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June 30, 2019, 9:06 a.m. EDT

Mom-and-pop landlords push investor share of home purchases to 19-year high

Most activity is concentrated east of the Mississippi, in lower-priced areas

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By Andrea Riquier


Bloomberg News/Landov
Small investors are making inroads against large institutions but they may be grabbing homes that first-time buyers would take gratefully.

More homes are being bought by investors, and their purchases are concentrated among starter homes, making it even harder for first-time buyers to break in to the housing market, according to a new analysis.

Investors commanded 11.3% of all purchases in 2018, according to CoreLogic, a real estate data company responsible for the report. That’s the highest level since 1999, and even dwarfs activity between 2012 and 2014, when the housing market was still mired in distress and big financial institutions with deep pockets swooped in.

Read: Four years, $13 million and dozens of hands: How ‘affordable housing’ gets made in America

For starter homes, investors account for one in five transactions, CoreLogic said.

What’s notable about recent activity is that smaller investors, not big financial institutions, are driving the uptick. Large investors’ share has declined from 24.3% in 2013, the aftermath of the crisis, to 15.8% last year.

Investors who purchased 10 or fewer homes were responsible for 60% of transactions in 2018, up from 48% in 2013. And those mom-and-pop investors are buying entry-level homes: 20.3% of them in 2017 and 2018.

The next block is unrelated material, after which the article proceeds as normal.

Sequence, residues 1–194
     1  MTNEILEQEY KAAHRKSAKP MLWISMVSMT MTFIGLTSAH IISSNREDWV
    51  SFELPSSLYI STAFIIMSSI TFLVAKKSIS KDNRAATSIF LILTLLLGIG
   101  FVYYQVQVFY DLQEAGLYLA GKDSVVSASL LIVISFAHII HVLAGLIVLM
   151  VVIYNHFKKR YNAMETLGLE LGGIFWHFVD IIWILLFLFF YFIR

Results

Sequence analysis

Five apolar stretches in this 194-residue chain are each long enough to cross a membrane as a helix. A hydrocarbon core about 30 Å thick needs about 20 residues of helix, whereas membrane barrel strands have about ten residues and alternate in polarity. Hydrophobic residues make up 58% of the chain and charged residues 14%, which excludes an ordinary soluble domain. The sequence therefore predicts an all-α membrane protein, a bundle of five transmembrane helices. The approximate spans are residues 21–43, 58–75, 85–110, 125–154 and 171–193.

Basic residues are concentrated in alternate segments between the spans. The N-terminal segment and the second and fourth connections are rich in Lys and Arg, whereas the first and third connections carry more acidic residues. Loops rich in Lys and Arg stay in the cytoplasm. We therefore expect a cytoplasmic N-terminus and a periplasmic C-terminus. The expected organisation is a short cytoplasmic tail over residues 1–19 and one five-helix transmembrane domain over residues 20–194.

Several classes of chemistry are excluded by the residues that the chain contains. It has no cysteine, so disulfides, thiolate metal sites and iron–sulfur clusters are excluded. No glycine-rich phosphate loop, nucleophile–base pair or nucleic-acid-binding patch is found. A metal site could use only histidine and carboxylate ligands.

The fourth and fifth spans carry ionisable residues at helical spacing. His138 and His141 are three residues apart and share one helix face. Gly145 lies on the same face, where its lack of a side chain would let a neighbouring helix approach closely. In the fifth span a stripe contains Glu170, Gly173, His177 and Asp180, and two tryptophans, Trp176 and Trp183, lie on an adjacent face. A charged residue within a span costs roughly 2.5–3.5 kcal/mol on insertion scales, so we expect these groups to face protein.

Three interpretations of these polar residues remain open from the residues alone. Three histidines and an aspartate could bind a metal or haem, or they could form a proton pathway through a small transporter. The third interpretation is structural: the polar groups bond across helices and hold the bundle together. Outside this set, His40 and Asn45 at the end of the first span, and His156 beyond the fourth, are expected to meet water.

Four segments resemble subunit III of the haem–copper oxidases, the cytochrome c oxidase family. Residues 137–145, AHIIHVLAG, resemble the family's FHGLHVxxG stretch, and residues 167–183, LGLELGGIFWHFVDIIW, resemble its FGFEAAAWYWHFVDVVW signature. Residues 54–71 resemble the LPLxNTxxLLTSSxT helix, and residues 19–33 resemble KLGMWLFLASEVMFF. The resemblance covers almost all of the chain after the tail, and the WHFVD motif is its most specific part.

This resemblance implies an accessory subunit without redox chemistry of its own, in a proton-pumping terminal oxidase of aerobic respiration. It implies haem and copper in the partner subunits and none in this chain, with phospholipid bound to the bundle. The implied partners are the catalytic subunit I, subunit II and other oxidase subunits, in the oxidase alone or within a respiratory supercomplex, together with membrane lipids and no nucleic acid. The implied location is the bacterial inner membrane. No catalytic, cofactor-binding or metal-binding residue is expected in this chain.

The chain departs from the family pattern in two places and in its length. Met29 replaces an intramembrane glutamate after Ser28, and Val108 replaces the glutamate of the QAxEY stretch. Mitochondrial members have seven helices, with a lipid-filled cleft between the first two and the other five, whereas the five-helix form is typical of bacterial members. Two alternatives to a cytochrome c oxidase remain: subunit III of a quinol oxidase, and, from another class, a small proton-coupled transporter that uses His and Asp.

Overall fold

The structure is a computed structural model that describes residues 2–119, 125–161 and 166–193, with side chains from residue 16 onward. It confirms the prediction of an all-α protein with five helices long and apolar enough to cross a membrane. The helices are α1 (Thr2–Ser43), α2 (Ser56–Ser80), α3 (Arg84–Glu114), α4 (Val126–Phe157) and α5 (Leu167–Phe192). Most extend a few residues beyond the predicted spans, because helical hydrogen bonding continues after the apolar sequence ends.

Perhaps because lower-priced homes are more plentiful in metro areas that are seeing cooler growth, the housing markets with the greatest share of investor activity aren’t high-flyers. Detroit, Philadelphia, and Oklahoma City are among the top five communities with greatest investor activity. (Memphis, which has for some time been known as a hotbed of activity for the single-family-rental boom, is as well.)

In markets where investors have a stronger presence, there’s less housing inventory. But CoreLogic cautions against blaming them for the housing shortage. “While it’s certainly possible that an increase in investors into a market increases competition and lowers supply relative to aggregate demand, the opposite is also possible: markets with tightening supply could draw investors as they perceive markets with a dwindling supply to be safer bets than those with a more plentiful supply,” the group wrote.

Read: The eviction crisis is starting to look a lot like the subprime mortgage crisis

Andrea Riquier reports on housing and banking from MarketWatch's New York newsroom. Follow her on Twitter @ARiquier.

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